It depends upon the company or organization, but — to keep choppers in the air and business humming — there will always be demand for specialists in aviation safety, fleet and facility management, operations and personnel management, engineering, leadership, education, and mechanical/technical systems.

By way of illustration, here are some jobs that fit in these categories:

  1. Air traffic control
  2. Aircraft dispatch and scheduling
  3. Airport or business operations or customer service management or support
  4. Aircraft finance, insurance, and legal services
  5. Aviation safety inspection
  6. Maintenance and support
  7. Quality control (manufacturing)

Earthbound jobs for pilots are a terrific option for anyone interested in working in this field. These are especially wonderful career paths for those who don’t wish to fly or can’t work as a pilot (e.g., for medical reasons).

Entry-Level Helicopter Pilot Jobs

Many jobs require you to have racked up 500 to 1,000 hours of piloting experience before they’ll even take your application. As a new private-licensed pilot, you’ll probably only have around 150 hours on the books.

For this reason, beginner helicopter pilot jobs are often ones as flight instructors. You only need 200 flight hours for this job. Being a flight instructor can be a great first job as a pilot — it lets you work in your desired field, reinforce your piloting skills, continue amassing flight time, and earn a paycheck.

Additional training and flying experience is the ticket to other job types and advancement along your career trajectory.

What Can You Do with a Private Helicopter License (PPL)?

A PPL entitles you to fly solo or with others for recreation and to practice your skills and accrue flight time. It doesn’t permit you to carry passengers or make money from your flying endeavors. You’re taking to the skies in a personal capacity, not as a business mission.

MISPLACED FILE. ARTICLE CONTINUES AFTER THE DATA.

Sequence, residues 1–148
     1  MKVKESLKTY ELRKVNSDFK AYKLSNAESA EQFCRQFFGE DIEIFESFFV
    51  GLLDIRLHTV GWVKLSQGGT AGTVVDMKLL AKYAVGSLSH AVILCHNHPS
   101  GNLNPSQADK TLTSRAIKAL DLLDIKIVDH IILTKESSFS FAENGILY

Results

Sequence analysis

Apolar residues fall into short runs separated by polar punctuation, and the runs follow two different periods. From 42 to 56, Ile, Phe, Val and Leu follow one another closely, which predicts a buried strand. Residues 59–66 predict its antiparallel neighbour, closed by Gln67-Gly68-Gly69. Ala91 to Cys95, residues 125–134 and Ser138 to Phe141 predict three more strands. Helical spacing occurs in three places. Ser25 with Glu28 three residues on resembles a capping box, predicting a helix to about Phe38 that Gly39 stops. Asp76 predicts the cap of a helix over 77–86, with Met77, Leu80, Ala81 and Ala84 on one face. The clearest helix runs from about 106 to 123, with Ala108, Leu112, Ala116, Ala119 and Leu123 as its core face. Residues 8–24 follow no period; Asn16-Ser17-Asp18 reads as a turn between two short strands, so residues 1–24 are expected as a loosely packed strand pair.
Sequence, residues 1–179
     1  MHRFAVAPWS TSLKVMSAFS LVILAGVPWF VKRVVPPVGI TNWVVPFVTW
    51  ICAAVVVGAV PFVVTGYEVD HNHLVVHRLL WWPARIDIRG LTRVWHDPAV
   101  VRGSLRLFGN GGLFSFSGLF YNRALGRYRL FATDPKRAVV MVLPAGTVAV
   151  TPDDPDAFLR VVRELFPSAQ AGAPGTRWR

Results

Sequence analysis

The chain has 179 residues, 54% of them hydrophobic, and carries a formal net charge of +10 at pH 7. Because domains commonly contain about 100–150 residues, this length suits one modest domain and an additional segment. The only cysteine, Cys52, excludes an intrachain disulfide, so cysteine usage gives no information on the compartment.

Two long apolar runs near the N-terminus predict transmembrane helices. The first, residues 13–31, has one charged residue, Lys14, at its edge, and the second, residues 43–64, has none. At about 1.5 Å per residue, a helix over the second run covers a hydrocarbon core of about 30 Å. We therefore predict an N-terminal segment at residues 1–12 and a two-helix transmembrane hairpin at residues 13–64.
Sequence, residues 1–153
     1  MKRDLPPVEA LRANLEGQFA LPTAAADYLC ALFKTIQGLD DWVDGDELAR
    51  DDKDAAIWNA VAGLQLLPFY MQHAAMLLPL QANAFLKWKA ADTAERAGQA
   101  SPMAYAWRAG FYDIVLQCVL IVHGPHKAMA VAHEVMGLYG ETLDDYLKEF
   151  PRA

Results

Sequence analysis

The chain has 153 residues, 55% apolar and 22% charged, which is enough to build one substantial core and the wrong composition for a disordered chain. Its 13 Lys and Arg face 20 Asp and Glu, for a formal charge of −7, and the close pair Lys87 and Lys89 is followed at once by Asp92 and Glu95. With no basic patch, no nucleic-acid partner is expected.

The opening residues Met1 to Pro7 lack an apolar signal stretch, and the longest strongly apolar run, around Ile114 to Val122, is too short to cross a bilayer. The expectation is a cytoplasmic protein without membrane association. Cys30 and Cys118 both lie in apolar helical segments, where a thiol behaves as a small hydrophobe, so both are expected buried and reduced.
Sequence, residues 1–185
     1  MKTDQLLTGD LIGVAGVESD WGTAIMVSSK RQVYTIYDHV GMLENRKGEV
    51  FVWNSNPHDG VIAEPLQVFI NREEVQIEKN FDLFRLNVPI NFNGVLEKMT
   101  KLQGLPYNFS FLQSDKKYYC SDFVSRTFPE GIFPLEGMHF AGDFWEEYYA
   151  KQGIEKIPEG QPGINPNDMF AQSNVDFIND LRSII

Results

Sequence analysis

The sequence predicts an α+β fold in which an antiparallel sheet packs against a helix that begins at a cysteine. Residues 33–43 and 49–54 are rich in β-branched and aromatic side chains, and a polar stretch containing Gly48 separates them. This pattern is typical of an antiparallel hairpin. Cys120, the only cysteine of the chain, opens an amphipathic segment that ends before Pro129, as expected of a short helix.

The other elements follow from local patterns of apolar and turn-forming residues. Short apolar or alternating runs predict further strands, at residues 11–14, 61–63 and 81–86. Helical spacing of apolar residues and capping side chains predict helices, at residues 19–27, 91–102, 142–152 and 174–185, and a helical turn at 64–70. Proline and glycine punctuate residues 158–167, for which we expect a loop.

From a career perspective, your PPL serves as a stepping stone. You have to have a private license before you can get a commercial helicopter license (CPL).

Jobs Flying Helicopter — Pilots’ Salaries & Job Prospects

You’re probably curious to know how much a helicopter pilot in the United States stands to make. With so much invested in becoming a chopper pilot — it’s no wonder you want to know what the payoff might be.


Compensation can vary widely. The figures depend on a slew of factors like your education, certifications and ratings, additional skills, years experience, and so on.

  • That said, the U.S. Bureau of Labor Statistics (November 2021) indicated that helicopter pilots In the United States earn an average annual salary of around $99,000. Their data also reported that the average annual salary range for helicopter pilots is essentially between $84,000 and $128,000.
  • What about those who aren’t salaried? One source reported the average hourly rate for a helicopter pilot in the United States is $49.
  • Your employer may provide some fun perks — like discounted travel and meal allowances — that can really add up to equal a tidy sum.